After a person suffers life-threatening injuries in an accident, that person and his or her family member might be thinking about filing a lawsuit. Filing an accident claim is one of the best ways for an injured person in the Columbus, OH area to obtain compensation for his or her losses. However, the process for filing a claim for financial compensation can become confusing when the injured person ultimately succumbs to those injuries. In other words, if your spouse or parent sustained life-threatening injuries and later died as a result of those injuries, you might not be sure about what type of claim to file.

I often work with clients who have some confusion about the distinction between a personal injury lawsuit and a wrongful death lawsuit. Let me be the first to tell you that the similarities and differences certainly can make it confusing to understand whether you should file a personal injury or a wrongful death claim. At the same time, it is essential to learn more about some of the key distinctions so that you remain eligible for compensation. Let me tell you more.

Personal Injury Claims and Wrongful Death Lawsuits Have a Lot in Common 

Personal injury lawsuits have much in common with wrongful death claims. In a personal injury lawsuit, the injured plaintiff has the ability to file a claim—usually based on a theory of negligence—against the party who is at fault for his or her injuries. For example, if a person is injured in a car crash caused by a distracted driver, that injured person may be able to file a personal injury lawsuit against the distracted driver to seek financial compensation. The injured person would need to show that the distracted driver was negligent, and that the distracted driver’s negligence was the cause of the injuries. In a personal injury claim, it is solely the injured person who has the ability to file a lawsuit.

Wrongful death claims are similar, but there is an initial and significant difference: rather than the injured person filing the lawsuit, Ohio’s wrongful death law requires a “personal representative” of the deceased’s estate to file the lawsuit. Wrongful death law recognizes that an injured person should be able to seek compensation for his or her losses. However, when an injured person dies from those injuries, it does not make sense for that right to compensation to simply disappear. Instead, wrongful death law allows another party to “stand in the shoes” of the deceased, metaphorically, in order to seek compensation from the at-fault party.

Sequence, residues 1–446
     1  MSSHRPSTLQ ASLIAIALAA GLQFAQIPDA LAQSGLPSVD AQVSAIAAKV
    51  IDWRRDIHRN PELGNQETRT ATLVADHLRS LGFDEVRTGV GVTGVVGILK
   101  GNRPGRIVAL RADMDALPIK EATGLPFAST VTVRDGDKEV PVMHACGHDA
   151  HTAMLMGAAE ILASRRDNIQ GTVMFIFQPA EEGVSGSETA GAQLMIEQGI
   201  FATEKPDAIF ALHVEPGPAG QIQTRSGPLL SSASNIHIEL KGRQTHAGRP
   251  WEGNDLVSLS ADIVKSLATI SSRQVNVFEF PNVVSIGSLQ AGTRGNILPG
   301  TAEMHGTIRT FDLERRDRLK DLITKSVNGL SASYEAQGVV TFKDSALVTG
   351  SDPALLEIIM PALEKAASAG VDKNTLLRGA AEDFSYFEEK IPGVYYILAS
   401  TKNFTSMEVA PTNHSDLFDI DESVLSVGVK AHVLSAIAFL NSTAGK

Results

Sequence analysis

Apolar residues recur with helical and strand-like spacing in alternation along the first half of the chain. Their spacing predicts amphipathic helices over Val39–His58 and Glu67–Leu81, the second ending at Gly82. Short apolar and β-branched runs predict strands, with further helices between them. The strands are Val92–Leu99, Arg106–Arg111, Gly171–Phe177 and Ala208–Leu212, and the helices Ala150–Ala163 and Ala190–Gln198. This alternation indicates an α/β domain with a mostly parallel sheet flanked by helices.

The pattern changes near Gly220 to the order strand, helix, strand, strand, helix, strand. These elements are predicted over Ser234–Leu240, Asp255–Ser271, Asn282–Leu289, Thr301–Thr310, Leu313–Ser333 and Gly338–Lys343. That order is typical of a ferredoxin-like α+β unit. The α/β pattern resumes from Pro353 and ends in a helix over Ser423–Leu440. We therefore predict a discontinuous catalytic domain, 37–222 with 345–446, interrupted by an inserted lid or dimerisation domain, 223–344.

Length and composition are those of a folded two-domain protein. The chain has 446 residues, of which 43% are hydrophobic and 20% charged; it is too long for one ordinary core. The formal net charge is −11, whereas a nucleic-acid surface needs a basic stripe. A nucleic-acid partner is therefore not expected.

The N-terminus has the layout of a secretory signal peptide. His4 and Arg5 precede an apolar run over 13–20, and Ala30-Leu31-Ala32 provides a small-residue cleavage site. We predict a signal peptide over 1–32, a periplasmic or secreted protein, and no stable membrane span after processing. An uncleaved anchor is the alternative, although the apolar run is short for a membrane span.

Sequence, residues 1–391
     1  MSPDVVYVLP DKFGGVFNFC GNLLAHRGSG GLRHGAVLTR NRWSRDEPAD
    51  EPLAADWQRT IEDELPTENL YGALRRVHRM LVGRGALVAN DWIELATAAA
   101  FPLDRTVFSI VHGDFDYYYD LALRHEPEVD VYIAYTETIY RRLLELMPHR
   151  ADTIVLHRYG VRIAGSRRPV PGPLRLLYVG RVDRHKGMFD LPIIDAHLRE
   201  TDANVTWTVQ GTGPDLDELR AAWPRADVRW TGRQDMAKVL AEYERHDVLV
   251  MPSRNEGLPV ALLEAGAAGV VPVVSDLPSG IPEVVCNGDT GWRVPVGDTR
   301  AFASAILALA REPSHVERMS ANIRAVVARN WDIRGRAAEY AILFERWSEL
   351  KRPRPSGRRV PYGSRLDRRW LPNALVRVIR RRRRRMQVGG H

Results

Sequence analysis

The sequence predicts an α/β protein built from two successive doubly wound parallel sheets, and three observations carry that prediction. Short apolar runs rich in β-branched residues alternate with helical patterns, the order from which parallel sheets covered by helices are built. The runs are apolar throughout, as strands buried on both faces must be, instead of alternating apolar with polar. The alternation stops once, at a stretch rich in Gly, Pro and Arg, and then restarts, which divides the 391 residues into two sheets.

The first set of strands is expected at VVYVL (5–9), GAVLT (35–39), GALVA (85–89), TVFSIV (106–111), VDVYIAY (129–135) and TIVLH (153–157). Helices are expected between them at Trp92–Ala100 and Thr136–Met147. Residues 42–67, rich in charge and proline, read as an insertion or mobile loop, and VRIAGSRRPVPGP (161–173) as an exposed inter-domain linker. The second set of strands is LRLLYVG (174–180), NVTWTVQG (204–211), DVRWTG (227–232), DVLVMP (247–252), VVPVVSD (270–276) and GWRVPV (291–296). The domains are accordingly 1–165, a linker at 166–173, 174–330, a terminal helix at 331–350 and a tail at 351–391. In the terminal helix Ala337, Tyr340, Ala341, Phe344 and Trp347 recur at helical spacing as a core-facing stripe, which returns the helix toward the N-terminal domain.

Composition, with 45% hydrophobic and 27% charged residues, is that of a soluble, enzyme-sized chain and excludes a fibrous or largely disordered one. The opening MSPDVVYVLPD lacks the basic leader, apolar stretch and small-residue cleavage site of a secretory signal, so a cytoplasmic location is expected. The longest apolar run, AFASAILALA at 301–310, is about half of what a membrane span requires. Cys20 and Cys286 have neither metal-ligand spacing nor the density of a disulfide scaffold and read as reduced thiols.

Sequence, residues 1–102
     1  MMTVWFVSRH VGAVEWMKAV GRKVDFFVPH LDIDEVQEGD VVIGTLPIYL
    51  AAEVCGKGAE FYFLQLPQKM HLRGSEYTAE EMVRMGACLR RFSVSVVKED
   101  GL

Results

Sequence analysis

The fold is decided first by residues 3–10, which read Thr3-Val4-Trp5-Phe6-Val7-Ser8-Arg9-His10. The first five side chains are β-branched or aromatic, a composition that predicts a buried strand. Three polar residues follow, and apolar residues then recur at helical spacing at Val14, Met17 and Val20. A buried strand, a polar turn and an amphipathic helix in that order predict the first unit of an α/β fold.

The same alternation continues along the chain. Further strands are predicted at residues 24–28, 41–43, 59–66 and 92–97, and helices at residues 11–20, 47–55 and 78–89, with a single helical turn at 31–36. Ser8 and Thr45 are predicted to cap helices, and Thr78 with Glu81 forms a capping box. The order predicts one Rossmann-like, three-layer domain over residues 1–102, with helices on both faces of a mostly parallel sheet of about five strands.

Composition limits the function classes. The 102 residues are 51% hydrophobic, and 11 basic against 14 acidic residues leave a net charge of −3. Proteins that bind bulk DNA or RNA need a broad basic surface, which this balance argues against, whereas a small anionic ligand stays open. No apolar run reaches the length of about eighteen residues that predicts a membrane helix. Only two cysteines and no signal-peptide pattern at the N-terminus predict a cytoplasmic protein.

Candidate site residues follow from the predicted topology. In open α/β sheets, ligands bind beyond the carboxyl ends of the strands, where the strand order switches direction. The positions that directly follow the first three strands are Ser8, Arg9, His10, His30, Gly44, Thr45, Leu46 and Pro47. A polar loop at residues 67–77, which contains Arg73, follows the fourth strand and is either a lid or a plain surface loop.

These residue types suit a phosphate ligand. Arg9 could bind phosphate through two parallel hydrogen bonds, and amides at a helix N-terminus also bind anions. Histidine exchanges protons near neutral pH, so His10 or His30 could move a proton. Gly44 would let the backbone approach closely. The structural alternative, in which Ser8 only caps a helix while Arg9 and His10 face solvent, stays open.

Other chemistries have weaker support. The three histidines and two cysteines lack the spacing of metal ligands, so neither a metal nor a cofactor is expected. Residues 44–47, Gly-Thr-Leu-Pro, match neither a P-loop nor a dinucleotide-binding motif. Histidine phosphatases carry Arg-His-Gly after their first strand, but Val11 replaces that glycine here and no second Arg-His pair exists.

Distinctions in the Amount of Time You Have to File a Claim

Both wrongful death lawsuits and personal injury lawsuits in Ohio have a two-year statute of limitations. Yet the “clock” starts to tick at different points in time.

With a personal injury lawsuit, the “clock” on the statute of limitations will usually begin “ticking” on the date that the person suffered the injury (although this could be extended in cases of medical malpractice where the patient does not learn about the injury until after the date it actually happens). With a wrongful death lawsuit, the “clock” starts to “tick” on the date of the deceased’s death, even if the injuries occur days, weeks, months, or years before that date.

Contact Me About Your Injury Claim

If you need help filing a lawsuit after an accident or injury, I’ll Make Them Pay!® You can reach me at 877.614.9524. Call me today to get started on your claim.

Blog Personal Injury Wrongful Death